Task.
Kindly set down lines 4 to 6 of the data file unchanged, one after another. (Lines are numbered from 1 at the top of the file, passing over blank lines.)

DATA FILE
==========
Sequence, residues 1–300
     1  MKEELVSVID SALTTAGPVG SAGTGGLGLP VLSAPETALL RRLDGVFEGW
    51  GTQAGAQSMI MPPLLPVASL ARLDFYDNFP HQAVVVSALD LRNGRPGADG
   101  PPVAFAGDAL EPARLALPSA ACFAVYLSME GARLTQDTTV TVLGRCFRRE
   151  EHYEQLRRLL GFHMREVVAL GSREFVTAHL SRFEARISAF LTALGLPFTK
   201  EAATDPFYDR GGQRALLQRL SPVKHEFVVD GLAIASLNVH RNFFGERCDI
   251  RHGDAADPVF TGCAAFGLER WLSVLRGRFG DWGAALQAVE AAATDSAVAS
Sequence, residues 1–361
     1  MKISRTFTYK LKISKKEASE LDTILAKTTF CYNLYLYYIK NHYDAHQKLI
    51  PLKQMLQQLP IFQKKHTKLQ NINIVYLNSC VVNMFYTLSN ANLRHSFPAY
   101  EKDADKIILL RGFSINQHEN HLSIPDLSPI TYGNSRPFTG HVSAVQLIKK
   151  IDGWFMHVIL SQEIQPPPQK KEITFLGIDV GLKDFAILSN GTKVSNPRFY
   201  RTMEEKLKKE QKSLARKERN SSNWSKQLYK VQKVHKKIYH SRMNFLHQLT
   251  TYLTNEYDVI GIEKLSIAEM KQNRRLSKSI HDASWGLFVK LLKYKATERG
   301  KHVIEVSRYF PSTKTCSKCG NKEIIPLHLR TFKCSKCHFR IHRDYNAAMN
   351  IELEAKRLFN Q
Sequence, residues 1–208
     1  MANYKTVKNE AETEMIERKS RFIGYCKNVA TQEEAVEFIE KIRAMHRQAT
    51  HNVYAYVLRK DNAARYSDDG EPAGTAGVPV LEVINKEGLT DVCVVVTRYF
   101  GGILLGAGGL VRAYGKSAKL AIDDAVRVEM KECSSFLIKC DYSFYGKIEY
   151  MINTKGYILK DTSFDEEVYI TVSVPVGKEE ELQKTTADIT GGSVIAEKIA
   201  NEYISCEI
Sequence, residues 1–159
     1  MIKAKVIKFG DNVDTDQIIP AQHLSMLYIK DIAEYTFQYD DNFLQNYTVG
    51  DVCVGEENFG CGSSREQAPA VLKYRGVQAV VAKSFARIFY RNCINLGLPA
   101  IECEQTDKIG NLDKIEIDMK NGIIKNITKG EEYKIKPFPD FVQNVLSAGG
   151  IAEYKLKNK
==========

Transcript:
   101  PPVAFAGDAL EPARLALPSA ACFAVYLSME GARLTQDTTV TVLGRCFRRE
   151  EHYEQLRRLL GFHMREVVAL GSREFVTAHL SRFEARISAF LTALGLPFTK
   201  EAATDPFYDR GGQRALLQRL SPVKHEFVVD GLAIASLNVH RNFFGERCDI